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Folding bikes

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For the frequent train traveller, a folding bike is the ultimate companion. You can take it anywhere: no booking, no peak restrictions. Just fold it up and put it into the luggage rack.

The Brompton is the weapon of choice for thousands of commuters. Its 16-inch wheels and ingenious hinges make it a smaller, faster fold than almost anything else. For the commuter who wants to take a folding bike on the train, Bromptons are unchallenged. They’re not cheap, but few bikes are better suited to train travel.

Many London commuter railways prefer you to fold your bike before you get onto the platform. (One, C2C, officially requires that it’s placed in a ‘protective carrying case’.)

But the 16-inch wheels are too small for touring or off-road adventures. If you use the train as an aid to touring, look for a bike with 20-inch wheels. These will provide a faster, more enjoyable ride on country lanes, while being just small enough to be carried on the train. Network Rail’s cycle guidelines say “fully folded cycles, with wheels up to a size of 20 inches in diameter, are carried without restriction on all trains”.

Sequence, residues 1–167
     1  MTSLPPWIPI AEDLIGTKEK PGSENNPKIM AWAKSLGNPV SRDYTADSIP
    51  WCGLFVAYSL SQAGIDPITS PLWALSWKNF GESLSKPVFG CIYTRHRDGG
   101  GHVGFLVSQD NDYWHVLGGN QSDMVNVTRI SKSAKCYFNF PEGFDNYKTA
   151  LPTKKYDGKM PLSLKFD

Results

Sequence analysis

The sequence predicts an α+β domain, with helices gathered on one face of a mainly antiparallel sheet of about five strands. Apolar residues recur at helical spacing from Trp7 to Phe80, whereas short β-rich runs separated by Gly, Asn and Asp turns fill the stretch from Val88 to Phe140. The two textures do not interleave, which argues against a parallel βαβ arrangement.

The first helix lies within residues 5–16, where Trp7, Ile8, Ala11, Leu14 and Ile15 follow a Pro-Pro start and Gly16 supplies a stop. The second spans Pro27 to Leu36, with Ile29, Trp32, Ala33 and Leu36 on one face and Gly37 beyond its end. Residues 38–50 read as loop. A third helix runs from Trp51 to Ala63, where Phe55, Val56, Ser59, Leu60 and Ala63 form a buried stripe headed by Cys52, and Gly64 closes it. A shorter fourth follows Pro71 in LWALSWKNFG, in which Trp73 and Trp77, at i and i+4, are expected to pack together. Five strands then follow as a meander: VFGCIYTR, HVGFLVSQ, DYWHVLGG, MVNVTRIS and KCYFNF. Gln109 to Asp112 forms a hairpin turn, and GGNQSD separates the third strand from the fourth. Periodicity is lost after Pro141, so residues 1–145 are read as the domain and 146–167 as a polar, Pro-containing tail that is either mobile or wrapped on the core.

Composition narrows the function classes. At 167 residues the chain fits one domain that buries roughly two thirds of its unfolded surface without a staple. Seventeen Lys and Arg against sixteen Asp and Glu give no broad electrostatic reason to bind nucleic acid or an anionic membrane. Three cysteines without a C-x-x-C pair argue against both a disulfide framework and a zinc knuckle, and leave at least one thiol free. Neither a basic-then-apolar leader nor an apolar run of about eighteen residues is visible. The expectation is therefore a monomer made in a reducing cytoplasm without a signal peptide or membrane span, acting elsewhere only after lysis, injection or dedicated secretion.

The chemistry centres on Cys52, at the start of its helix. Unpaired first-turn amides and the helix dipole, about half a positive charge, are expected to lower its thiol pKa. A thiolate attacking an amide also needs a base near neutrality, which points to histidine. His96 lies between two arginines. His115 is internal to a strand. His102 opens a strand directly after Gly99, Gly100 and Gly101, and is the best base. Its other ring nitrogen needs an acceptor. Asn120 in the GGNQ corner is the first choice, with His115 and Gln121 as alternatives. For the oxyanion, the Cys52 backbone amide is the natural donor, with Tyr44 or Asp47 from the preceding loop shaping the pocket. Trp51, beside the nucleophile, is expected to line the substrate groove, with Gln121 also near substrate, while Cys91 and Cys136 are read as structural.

Strictly speaking, folding bikes are classed as luggage. The official rules (the Conditions of Carriage) say “not exceeding 30 x 70 x 90 cm in size”. This covers most 20in folding bikes, though you might need to take the front wheel off. We’d recommend getting a bike bag, such as the Tern/Dahon CarryOn Cover, to help convince sceptical guards that you’re just carrying luggage.

Folding bikes are available with 24-inch wheels, too. These can provide a near-road bike experience, but check the folded dimensions carefully before buying one for train travel. Be wary of cheap folders from Argos and friends, which are invariably a false economy.